and life cycle—Verticillium wilt
Verticillium dahliae survives for years in soil as tiny, dormant sclerotia. The pathogen has a
wide host range including many vegetable crops, weeds, and trees. When roots of susceptible crops grow
in close proximity, sclerotia germinate and infect the roots. Verticillium wilt is most severe during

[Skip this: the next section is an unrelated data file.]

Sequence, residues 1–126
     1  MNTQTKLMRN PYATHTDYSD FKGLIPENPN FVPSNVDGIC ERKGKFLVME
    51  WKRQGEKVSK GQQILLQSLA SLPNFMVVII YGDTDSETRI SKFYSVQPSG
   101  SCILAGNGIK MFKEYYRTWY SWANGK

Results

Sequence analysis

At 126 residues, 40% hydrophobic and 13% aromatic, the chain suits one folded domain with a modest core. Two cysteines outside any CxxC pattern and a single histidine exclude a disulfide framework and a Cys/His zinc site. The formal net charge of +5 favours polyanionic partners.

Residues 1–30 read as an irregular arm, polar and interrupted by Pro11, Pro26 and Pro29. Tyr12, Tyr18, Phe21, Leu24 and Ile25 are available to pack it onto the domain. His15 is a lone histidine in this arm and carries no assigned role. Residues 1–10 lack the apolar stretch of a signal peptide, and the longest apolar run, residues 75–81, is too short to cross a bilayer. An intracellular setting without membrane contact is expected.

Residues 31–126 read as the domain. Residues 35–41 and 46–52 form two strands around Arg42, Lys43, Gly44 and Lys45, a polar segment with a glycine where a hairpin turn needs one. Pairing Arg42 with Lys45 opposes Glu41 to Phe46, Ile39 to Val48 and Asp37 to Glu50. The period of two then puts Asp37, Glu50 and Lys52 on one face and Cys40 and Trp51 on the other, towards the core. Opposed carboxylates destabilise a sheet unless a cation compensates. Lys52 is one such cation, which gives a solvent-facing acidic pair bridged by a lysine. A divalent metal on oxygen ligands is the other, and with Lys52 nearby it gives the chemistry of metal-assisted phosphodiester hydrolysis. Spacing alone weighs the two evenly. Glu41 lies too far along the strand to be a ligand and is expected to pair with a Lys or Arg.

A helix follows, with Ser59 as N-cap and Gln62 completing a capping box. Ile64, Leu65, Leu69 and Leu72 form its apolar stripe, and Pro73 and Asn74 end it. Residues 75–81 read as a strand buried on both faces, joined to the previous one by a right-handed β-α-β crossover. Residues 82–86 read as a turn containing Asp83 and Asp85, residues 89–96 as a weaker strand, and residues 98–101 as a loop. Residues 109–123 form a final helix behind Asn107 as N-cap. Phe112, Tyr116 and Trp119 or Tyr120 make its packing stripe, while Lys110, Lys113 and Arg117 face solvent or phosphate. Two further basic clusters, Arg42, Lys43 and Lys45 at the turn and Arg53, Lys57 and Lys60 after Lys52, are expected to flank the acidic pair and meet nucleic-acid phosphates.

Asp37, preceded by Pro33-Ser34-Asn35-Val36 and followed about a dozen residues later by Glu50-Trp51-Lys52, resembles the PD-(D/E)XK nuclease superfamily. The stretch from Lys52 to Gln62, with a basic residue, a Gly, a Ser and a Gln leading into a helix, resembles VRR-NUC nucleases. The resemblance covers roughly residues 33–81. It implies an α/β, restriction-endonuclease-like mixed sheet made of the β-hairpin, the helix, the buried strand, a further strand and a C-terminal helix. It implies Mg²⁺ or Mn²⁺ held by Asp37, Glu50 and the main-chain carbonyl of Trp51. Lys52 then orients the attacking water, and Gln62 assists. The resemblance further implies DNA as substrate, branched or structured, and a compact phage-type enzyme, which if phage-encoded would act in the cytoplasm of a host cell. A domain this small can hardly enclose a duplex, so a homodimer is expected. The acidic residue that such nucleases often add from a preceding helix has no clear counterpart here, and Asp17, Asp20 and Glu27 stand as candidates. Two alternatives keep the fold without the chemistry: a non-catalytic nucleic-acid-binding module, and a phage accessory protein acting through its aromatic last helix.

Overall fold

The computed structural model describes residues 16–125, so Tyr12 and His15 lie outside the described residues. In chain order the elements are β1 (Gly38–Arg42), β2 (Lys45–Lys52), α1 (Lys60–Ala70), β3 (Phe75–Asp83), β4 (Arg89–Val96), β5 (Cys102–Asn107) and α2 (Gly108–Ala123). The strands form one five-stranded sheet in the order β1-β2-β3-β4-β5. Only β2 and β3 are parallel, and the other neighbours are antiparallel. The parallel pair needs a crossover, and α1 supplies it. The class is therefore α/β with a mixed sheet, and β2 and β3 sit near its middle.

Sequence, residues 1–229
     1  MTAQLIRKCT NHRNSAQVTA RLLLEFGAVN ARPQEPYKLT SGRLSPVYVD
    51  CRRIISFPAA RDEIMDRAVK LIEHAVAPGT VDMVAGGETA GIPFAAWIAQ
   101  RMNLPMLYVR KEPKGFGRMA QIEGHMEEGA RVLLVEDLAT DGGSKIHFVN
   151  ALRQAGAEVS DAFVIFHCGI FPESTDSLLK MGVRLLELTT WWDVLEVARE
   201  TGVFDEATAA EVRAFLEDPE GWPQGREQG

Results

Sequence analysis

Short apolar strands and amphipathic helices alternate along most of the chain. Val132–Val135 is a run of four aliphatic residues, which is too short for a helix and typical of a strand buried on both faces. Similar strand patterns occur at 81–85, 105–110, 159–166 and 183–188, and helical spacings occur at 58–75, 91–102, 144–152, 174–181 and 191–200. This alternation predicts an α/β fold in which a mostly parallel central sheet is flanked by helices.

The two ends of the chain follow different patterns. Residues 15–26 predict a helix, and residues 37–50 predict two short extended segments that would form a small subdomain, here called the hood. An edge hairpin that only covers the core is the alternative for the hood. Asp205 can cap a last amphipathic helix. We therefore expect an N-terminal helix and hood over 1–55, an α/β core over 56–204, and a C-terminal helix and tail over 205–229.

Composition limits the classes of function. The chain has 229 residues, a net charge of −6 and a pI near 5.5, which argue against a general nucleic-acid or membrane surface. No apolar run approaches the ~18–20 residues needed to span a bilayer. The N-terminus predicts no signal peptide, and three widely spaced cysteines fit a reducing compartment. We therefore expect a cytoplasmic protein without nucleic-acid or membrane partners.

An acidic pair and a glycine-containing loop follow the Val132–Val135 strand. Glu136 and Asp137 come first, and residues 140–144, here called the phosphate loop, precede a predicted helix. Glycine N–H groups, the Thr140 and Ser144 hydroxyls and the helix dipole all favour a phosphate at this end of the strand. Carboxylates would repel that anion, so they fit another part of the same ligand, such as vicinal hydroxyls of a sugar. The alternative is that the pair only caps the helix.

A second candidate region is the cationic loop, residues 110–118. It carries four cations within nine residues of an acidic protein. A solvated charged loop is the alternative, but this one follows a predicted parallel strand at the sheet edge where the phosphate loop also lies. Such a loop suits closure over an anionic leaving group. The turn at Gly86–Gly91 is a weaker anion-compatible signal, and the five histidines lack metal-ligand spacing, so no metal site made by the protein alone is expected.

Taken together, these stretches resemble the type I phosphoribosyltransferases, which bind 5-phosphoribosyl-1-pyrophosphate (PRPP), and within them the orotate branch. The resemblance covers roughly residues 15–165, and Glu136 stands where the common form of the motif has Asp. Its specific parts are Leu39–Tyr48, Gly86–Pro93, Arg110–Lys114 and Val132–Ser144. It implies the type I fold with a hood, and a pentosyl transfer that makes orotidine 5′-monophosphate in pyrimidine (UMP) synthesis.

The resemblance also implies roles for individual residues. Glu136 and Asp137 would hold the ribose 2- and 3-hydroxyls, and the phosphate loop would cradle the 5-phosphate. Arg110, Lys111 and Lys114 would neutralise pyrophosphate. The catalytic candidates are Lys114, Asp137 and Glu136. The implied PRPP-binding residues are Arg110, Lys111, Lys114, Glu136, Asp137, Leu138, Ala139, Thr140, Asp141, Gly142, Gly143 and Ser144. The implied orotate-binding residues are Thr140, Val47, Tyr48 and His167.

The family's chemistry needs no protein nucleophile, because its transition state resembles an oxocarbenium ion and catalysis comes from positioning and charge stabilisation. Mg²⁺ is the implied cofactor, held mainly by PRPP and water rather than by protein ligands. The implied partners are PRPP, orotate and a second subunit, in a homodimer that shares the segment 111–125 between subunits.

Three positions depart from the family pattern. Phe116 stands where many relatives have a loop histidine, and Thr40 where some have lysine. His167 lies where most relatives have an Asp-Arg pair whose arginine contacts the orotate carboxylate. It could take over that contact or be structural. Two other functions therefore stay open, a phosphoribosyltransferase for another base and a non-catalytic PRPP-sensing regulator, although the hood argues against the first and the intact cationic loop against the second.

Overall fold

relatively cool periods and subsides during the hottest part of the summer, but wilting is usually seen
during warm dry periods when the plant is under stress, such as after fruit set. The pathogen grows in
the water-conducting tissue, causing plugging and interference with water transport.
discoloration of pepper roots